"Granular Insights is set up so farmers can use it 'self-serve,' or they can use the tool with their own set of advisers to make decisions," said Casey Onstot, Corteva U.S. digital leader. "All farmers and all fields are different. When you combine our proprietary data with local farmer data, farmers and advisers can see financial and agronomic map layers side by side to see what's working and drive management actions."

Onstot breaks Granular Insights capabilities into seasons: plan, grow and analyze. First, farmers build seeding, crop-protection and fertility plans with yield goals in mind. Seeding scripts are written to maximize dollars spent and crop protection applied field by field. Knowing weather may mean adjustments must be made. The grow portion includes watching the weather, crop maturity and satellite images for directed scouting, in-season nitrogen needs and more. At the end of the season, farmers can analyze the whole farm to make adjustments for the next year.


Jeremy Goyings has been testing and combining digital technologies since the mid-1990s. A fifth-generation producer, Jeremy farms with his father, Doug, near Paulding, Ohio. They raise 5,000 acres of corn, soybeans and wheat with three full-time employees.

"We consider ourselves as very technology oriented. We had the second RTK system in the state of Ohio and used Encirca (now Granular Agronomy) data services platform from the beginning to write field scripts for seed and nitrogen layers," he said. "We added that with the yield data we had been collecting since the mid-1990s and then got involved with the AgriEdge program."

Jacky Davis, Syngenta digital ag solutions marketing lead, said AgriEdge also takes a whole-farm management approach to promote faster, data-driven decisions for better yields and returns.

"For the last few years, Syngenta has been acquiring the pieces needed to fill out digital needs like satellite imagery, managing field health and pest monitoring," she said. "We are scaling up the capabilities and 2022 will be a big year moving this forward for farmers and retailers."

For example, AgriEdge technology tracks, measures and analyzes each acre for profitability as farmers spot inefficiencies and nutrient deficiencies. It also incorporates advanced equipment integrations, such as those from John Deere and Case IH, to save time while improving yield potential. Farmers use Syngenta's satellite, aircraft and drone imagery and scouting platform to detect diseases, pests and more to save time and increase accuracy. "The goal is to turn agronomics into economics," Davis said.

Goyings Farms has seen a 12% to 15% increase in farm profitability stacking variable-rate fall fertilizer applications with in-season applications, with a large part of that coming from increased yields. While it's hard to estimate the change seed population has had, Goyings thinks it may be 5% to 10%. His goal is to achieve a 15% to 20% impact on farm profitability.

"As more technology became available, and we could break fields into smaller grids, it has become more useful. We soil-sample grids and layer in elevation and soil types into one platform for more controlled and complete results," he said. "We can see what works or not, and where."

Goyings layers field maps down to the row to focus on crop-protection use and to see how nitrogen affects corn yields, for example. He also evaluates whether early fungicide applications with micronutrients in soybeans translates into smart economic use of the input. He can measure productivity and identify if any crop inputs have been under- or overapplied.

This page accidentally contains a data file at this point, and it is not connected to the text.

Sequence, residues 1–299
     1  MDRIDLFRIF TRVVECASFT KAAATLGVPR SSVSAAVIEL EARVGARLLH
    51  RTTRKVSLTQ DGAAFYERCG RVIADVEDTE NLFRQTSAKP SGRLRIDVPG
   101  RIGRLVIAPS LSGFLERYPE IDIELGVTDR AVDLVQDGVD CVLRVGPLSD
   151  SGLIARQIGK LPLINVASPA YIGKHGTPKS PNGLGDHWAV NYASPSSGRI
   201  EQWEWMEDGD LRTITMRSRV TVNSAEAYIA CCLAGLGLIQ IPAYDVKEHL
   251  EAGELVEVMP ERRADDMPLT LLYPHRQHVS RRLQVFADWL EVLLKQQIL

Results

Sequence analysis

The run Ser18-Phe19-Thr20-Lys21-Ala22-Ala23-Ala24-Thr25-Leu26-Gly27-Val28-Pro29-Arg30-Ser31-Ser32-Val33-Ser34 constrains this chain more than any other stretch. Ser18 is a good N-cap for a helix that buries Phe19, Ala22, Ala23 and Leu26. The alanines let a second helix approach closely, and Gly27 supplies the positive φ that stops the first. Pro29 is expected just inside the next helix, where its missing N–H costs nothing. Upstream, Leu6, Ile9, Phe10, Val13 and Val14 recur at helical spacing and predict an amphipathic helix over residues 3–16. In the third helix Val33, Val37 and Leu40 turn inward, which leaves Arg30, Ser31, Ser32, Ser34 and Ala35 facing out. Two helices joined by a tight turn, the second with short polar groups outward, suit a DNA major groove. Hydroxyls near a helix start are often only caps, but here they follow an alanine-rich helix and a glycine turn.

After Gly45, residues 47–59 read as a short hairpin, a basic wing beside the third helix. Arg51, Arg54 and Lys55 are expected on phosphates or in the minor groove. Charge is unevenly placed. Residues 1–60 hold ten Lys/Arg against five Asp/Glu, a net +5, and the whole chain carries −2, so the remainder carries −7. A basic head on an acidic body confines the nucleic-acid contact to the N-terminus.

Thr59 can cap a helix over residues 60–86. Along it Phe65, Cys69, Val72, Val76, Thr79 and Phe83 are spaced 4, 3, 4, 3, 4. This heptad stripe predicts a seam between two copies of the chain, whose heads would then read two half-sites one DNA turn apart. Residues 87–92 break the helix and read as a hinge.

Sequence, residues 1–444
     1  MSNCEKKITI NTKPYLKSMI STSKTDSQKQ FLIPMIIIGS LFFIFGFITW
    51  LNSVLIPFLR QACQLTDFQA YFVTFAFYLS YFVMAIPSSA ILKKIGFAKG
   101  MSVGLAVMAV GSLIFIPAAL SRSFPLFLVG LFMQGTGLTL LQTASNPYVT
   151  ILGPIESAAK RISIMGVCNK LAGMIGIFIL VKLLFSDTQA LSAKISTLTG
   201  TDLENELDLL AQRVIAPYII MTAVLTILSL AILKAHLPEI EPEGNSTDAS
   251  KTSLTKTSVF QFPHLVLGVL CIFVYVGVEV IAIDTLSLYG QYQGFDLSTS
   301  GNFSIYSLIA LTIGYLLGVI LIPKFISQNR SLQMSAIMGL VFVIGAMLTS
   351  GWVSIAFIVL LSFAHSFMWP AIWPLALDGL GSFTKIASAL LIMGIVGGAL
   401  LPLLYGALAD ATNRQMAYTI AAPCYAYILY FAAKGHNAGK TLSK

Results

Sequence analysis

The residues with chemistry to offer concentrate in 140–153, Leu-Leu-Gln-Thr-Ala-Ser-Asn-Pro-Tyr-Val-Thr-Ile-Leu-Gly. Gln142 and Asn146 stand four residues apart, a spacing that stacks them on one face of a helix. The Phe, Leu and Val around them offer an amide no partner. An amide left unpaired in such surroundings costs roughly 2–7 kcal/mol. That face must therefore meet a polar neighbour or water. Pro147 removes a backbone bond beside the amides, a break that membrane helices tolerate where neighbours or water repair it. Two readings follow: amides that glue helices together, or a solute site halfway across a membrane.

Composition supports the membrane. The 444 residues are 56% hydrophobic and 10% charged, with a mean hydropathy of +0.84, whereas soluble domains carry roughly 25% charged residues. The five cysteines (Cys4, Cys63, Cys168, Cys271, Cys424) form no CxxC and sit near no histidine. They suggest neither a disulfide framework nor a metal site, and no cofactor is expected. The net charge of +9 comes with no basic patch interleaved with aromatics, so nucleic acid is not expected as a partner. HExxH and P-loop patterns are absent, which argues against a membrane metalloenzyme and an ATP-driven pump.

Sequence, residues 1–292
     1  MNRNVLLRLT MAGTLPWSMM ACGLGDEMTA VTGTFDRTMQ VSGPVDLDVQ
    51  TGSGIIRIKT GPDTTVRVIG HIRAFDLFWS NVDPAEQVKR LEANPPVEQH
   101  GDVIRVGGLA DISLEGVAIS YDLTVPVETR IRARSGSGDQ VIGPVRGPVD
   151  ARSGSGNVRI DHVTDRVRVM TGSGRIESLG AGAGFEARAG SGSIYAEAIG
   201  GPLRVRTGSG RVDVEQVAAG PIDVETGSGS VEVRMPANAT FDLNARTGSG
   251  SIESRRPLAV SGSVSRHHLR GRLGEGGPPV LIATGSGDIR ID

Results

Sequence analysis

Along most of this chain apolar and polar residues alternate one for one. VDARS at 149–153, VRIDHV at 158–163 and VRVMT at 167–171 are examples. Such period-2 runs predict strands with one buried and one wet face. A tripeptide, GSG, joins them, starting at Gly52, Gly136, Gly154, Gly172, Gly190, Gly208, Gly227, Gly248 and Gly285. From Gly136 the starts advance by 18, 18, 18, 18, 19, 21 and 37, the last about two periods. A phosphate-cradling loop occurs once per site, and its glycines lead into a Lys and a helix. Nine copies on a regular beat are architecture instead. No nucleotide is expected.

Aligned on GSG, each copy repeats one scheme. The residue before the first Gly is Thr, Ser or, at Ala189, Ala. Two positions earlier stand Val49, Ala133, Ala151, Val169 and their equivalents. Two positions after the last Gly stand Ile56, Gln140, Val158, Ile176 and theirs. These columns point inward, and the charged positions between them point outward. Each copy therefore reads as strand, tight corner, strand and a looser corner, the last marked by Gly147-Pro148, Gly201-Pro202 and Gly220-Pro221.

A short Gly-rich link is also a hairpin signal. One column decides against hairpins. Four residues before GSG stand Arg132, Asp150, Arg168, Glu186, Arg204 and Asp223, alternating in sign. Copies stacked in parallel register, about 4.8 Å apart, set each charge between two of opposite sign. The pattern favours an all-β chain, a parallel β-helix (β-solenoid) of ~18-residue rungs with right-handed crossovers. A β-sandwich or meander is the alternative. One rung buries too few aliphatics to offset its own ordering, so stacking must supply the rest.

"It takes a different mindset to run technology with the machinery and work with the data," Goyings explained. "But it allows you to make more efficient use of your office time for data management. We can get the manufacturer support we need either on the farm or online."


Farmers can wade into the digital ag world with little financial risk. Most company platforms have a free basic entry-level tool. But, as farmers become more involved or require assistance, they can expect costs to be attached to product advice and application recommendations.

Farmers who want a whole-farm approach using Corteva's Granular Insights can leverage free features with the opportunity to collaborate with an adviser and upgrade for charged prescriptive applications. The Climate Corp.'s FieldView offers a tier of subscriptions beyond its free basic platform, while AgriEdge is free to farmers who buy Syngenta products at specific thresholds. BASF's xarvio Scouting is free, and xarvio Field Manager is free for two fields. However, some Field Manager functions and Healthy Fields require subscriptions based on location and user needs.

"Winfield United customers should contact their local retailers to learn what solutions and costs may be applicable for their own situations," Ryan advised. "Costs for services will vary with different local platforms and retailers who build their own strategies and product offerings."

All these companies say the surface has only been scratched in terms of data capabilities, so products and cost structures could change in the future. Solutions may be delivered in a hyper-localized manner, driving unique outcomes sometimes even within subregions of a field.

BASF is investing in high-resolution digital field trial activities, which will provide unique insights into specific environments where the company's products work best. Such insights will be passed on to farmers in the future with targeted digital application advice. The Climate Corp. also is exploring new programs that are more advanced and optimized for data management.

"Farmers collecting data that maintain a history will have a leg up in the future with any new functionality," said The Climate Corp.'s Lau. "We will be able to help farmers more precisely reach their per-acre level goals for seed selection, seed placement and planting rate."

Syngenta has digital pilot programs and proof of concept testing underway for IoT (Internet of Things), soil sensors and other data layers that Davis said will connect things together to further integrate data flow.

Ohio farmer Goyings is already headed down that path. "We will test a system from Augmenta next year, which uses artificial intelligence and a camera on our wheat sprayer to variable-rate nitrogen applications based on what the system sees," he said. "That will provide another layer of data for us so we can create a script that can be modified in real time."



-- xarvio: www.xarvio.com/us/en.html

-- The Climate Corp.: climate.com

-- Granular: granular.ag/company

-- Syngenta AgriEdge: www.syngenta-us.com/agriedge

-- WinField United: www.winfieldunited.com